The federal minimum wage has stood at $7.25 per hour since its last revision in 2009. In the same time, the wealth of the top 1 percent has doubled.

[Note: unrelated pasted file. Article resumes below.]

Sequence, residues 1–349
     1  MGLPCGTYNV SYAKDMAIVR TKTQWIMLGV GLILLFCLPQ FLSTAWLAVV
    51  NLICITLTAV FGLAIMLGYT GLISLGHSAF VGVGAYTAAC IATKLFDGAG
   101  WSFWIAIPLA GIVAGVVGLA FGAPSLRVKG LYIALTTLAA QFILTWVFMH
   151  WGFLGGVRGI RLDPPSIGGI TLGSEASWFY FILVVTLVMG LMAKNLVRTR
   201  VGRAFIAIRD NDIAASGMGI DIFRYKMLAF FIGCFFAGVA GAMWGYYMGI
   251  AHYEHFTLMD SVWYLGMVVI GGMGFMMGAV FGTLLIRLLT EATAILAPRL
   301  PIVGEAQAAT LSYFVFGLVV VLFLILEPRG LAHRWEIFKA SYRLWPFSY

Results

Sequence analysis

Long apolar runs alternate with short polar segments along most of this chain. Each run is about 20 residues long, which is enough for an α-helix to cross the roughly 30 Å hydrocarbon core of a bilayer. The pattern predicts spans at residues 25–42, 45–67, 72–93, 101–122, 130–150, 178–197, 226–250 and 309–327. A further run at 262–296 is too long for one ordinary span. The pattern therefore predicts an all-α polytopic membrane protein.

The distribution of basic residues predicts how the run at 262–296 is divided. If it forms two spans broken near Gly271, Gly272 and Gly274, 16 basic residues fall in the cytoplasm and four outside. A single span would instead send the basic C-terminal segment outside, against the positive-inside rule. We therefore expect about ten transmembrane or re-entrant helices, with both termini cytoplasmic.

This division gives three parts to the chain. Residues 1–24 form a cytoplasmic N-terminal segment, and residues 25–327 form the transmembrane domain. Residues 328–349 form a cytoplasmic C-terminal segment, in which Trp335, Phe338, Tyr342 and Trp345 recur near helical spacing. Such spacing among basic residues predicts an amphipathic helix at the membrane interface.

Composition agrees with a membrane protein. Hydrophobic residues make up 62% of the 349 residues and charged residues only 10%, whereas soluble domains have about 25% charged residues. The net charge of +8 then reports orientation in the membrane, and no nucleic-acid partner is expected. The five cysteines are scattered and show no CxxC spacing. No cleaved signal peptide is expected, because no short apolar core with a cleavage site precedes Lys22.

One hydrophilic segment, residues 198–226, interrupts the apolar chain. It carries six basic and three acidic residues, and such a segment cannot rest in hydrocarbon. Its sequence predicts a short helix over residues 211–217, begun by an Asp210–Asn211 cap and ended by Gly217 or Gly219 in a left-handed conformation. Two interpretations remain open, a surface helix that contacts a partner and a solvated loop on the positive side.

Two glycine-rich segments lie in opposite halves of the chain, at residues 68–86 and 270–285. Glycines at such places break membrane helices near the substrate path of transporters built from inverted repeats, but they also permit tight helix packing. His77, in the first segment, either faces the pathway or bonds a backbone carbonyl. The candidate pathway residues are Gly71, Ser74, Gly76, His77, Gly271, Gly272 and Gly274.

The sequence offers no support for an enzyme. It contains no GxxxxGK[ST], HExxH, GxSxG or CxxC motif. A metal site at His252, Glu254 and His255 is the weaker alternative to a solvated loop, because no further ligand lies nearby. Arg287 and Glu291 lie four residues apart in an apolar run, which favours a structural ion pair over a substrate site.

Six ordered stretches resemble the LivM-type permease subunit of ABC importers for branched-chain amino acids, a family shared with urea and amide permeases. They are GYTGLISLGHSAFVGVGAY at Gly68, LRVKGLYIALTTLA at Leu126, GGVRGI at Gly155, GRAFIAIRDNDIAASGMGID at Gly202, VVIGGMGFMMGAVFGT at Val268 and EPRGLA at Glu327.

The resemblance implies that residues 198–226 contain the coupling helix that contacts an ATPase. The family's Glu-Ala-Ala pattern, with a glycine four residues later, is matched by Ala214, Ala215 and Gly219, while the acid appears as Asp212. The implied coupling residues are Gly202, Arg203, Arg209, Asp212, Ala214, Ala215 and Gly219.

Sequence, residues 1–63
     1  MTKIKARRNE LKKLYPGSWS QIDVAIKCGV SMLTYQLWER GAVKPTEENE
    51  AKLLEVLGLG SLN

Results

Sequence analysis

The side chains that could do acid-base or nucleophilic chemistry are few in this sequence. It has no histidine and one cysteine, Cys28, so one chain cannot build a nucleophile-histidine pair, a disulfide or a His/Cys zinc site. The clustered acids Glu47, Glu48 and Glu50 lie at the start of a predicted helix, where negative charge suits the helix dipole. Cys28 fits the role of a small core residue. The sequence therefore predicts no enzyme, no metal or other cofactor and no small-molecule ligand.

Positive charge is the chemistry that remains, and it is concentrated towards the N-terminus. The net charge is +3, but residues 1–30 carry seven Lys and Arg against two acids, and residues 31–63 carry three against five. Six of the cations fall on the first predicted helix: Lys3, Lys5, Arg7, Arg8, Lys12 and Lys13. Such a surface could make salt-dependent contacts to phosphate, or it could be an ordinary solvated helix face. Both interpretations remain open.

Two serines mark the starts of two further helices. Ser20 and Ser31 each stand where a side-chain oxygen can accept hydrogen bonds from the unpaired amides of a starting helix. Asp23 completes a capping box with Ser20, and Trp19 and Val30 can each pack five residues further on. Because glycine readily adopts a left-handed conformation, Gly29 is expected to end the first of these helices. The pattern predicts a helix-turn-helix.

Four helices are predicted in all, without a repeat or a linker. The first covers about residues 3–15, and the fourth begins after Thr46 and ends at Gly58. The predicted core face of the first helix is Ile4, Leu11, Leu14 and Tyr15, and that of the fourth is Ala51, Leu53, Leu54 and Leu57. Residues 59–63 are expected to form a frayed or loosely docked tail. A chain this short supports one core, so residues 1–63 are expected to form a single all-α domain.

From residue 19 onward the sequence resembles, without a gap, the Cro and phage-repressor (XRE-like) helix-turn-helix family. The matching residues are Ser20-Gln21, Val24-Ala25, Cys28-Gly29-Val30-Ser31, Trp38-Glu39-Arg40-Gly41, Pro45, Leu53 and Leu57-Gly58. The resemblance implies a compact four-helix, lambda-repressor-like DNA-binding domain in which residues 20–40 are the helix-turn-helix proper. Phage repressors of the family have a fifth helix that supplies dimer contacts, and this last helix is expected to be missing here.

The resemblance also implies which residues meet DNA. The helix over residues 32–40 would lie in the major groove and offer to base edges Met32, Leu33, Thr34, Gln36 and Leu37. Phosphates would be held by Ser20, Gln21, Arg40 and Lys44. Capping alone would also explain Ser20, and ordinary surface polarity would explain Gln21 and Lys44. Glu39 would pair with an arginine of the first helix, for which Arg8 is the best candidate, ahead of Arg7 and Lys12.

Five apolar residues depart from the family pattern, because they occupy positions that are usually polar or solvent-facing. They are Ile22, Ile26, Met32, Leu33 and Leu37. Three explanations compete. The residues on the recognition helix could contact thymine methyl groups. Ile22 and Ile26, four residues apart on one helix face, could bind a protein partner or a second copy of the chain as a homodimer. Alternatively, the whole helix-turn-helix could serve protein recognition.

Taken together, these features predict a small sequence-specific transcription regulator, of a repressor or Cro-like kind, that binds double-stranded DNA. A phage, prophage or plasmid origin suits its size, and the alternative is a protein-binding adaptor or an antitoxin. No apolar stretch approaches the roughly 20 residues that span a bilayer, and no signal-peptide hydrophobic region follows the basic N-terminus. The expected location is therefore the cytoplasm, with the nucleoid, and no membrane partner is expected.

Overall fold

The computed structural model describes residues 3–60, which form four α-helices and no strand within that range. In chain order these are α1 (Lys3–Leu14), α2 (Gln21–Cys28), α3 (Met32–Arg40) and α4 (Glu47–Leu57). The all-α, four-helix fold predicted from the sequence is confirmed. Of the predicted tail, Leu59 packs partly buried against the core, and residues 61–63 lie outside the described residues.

Federal minimum wage provisions fall under the Fair Labor Standards Act (FLSA). The FLSA does not include wage payment or collection procedures for an employee's usual or promised wages or commissions over those required by the FLSA. Employees are generally paid the highest minimum wage prescribed by federal, state, or local laws. Since July 24, 2009, the federal minimum wage has remained at $7.25 per hour. A state's minimum wage can be higher than the federal minimum wage. The Economic Policy Institute (EPI) points out the significant rise in income inequality and chronically slow growth in the living standards of low and moderate-income Americans. As a result, there has been wage stagnation of hourly wage growth for the vast majority of American workers over the past generation. The EPI further noted that "the past few decades, the American economy generated lots of income and wealth that would have allowed substantial living standards gains for every family. However, overall income and wealth continued to grow disproportionately to the best-off 1 percent." The wage inequality described by EPI reveals that there has been an exponential growth of annual income for the top 1 percent, which includes America's top 40 wealthiest individuals when compared with the rest of the country's population. The analysis indicates that since 1975 wages of the top 1 percent grew 138 percent, while wages of the bottom 90 percent grew just 15 percent. It has also been noted that since the last federal minimum wage revision in 2009, the net worth of the top wealthiest 1 percent in the U.S. has more than doubled.